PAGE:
Just about a year ago, when we got our first actual (intentional) animals on the farm, I wrote:
I know, I know, some day in the not too distant future, I’m going to be really frustrated with all this and curse myself for having taken on such an enormous project for which I am so unprepared. Today, however, is not that day.
Today, as the upper pastures have gone to seed, as we’ve got lovely-but-toxic buttercup blooming in our east hayland, today as the pigs have rooted up all the grass in the brush pasture but left the Canadian thistle untouched and blooming to take it over*, today as our tractor sits up on blocks waiting yet another week for yet another iteration through the dysfunctional Kioti supply chain**, today as we guzzle city water, waiting for yet another delay on starting the well that was supposed to get drilled in April***…
Today is not yet that day, but it’s a hell of a lot closer than I’ve been before. It’s not that there’s any great impending disaster, or any real setback that we’re not going to be able to fix next year, but it is a bit of a blow: I really thought I had a handle on things, and I was wrong.
Yeah, yeah, I know: we’ve come a long way from where we were last year. We’ll regroup this winter, get our act together by spring, and next year we’ll get it right. I hope.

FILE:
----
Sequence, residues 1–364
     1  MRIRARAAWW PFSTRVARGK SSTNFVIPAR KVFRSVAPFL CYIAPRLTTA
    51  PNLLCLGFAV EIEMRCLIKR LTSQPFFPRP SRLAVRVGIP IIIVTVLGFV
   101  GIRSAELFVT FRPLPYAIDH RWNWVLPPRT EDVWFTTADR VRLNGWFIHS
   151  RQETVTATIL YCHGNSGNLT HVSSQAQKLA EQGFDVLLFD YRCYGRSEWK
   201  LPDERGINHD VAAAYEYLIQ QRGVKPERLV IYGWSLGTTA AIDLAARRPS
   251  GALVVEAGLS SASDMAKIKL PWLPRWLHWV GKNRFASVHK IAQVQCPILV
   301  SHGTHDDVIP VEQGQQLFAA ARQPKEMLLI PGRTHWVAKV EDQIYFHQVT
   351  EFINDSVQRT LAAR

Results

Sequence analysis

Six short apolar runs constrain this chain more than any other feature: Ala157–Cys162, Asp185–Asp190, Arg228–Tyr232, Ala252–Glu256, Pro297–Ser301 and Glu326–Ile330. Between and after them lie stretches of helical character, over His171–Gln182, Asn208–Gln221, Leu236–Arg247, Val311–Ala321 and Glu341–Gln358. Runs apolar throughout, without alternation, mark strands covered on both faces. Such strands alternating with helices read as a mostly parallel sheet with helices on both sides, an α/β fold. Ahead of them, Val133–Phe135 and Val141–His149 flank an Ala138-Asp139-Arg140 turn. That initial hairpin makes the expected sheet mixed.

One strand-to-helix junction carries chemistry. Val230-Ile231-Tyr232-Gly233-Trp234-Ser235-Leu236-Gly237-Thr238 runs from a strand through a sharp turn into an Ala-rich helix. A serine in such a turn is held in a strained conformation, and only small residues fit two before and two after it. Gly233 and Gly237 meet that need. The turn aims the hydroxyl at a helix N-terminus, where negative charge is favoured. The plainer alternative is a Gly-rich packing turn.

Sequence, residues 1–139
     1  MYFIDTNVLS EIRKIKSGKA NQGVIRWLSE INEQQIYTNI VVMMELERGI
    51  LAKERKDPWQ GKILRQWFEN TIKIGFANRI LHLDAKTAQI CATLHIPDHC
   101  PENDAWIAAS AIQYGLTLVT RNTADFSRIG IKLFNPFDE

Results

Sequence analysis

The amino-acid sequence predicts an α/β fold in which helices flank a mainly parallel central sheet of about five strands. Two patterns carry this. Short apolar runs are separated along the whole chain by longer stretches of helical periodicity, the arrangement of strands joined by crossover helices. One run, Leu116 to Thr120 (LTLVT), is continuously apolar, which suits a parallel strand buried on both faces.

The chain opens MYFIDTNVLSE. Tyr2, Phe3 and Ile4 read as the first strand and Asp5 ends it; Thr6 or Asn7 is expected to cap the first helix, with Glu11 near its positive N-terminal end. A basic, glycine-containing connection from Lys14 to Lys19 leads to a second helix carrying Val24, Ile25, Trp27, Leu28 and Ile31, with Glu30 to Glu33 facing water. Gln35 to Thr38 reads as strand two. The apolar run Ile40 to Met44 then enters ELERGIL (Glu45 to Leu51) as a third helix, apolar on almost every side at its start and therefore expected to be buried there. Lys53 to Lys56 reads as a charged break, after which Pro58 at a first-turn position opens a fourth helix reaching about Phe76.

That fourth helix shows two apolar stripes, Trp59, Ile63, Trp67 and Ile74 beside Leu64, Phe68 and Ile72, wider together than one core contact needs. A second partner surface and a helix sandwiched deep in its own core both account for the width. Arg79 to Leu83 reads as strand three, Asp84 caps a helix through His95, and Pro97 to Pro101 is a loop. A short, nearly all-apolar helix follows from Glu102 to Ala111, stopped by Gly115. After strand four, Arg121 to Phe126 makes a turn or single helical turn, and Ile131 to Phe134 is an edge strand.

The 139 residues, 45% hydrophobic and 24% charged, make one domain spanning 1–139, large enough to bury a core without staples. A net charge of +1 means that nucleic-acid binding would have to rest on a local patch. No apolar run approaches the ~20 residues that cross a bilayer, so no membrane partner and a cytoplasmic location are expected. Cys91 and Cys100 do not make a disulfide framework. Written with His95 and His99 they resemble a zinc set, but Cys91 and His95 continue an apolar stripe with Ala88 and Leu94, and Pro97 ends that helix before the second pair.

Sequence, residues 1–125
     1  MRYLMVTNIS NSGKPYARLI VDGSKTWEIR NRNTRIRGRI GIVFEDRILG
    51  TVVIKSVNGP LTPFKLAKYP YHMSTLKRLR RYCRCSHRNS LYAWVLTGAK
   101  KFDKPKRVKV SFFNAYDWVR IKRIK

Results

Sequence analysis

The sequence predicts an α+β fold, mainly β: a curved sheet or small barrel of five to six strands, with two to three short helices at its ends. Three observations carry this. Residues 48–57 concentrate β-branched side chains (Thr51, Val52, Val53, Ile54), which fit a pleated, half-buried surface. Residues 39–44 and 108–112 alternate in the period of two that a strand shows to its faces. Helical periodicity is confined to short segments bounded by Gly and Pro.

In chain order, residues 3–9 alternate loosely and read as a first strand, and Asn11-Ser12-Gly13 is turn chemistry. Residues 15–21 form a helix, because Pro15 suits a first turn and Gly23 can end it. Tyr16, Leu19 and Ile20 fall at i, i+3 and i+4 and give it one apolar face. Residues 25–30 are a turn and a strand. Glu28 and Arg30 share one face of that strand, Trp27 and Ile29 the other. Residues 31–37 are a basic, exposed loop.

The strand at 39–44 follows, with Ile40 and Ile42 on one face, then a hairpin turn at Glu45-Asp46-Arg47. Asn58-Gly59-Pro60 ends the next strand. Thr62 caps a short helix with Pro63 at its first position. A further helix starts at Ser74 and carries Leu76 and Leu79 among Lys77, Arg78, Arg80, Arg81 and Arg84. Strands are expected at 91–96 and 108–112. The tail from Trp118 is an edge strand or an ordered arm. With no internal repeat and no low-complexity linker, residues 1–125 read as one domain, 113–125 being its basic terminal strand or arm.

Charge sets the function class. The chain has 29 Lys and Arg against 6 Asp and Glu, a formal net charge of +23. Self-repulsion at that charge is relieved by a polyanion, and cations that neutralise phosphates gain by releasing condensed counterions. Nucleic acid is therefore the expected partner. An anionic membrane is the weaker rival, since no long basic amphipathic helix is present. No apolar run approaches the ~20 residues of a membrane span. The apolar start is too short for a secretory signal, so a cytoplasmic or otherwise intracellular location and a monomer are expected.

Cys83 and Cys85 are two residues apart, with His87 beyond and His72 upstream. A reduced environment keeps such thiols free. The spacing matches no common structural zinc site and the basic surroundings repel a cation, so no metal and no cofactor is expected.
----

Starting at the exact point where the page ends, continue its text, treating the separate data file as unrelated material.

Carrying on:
But no, I shouldn’t have taken on this enormous project for which I am so unprepared. I know I always take on too much, and try to do too much myself. Especially when there are so many other things I’m supposed to be working on: my (actually important) work on Antarctic data acquisition is gathering cobwebs, my book promotion efforts are stalled, and my output of new writing of any kind is moribund. Let’s not even bring up my neglected wife and kids, eh?
Yesterday, out on my morning tromp, it was all just so overwhelming that I couldn’t keep it all in my head. Fortunately, unmowed pastures that have gone to seed are relatively soft, and I found myself flopped flat on my back, staring at wisps of pink cloud in the dawn sky. A pair of goldfinches quarreled, dogfighting in the cedars, and somewhere beyond them, one of the red tails squawked his tedious indignation at the fuss.
I consoled myself with the knowledge that yes, the earth abides, and one more season of uncut fields and fallen fences wasn’t going to make a difference in the long run. And that our mission – preserving this land as open space, for community benefit, in a way that honors its history as a family farm – will. We’ve pulled together a group of amazing people: Mark and Nancy, Logan, Lacey, Anna and Brian, the Wyeths, in addition to all the local farmers who are going out of their way to help us muddle our way forward.
I may yet curse our decision to dive into this overwhelming project – no, I’m sure I will. But not still quite yet.
* They’re Kunekunes which, according to the literature, graze instead of root, and love thistle. These Kunekunes have not, apparently, read the literature.
** You’re required to talk to the local dealer, who will contact the parts rep, who will contact the warehouse, who will eventually get back to the parts rep, who will email the dealer, who will email you. Each step in this iteration seems to take the better part of a day (if it’s not a weekend, holiday, evening, or coming up on their vacation), and you will most likely need at least a couple of iterations for anything you try to order.
*** No, just don’t ask. Really.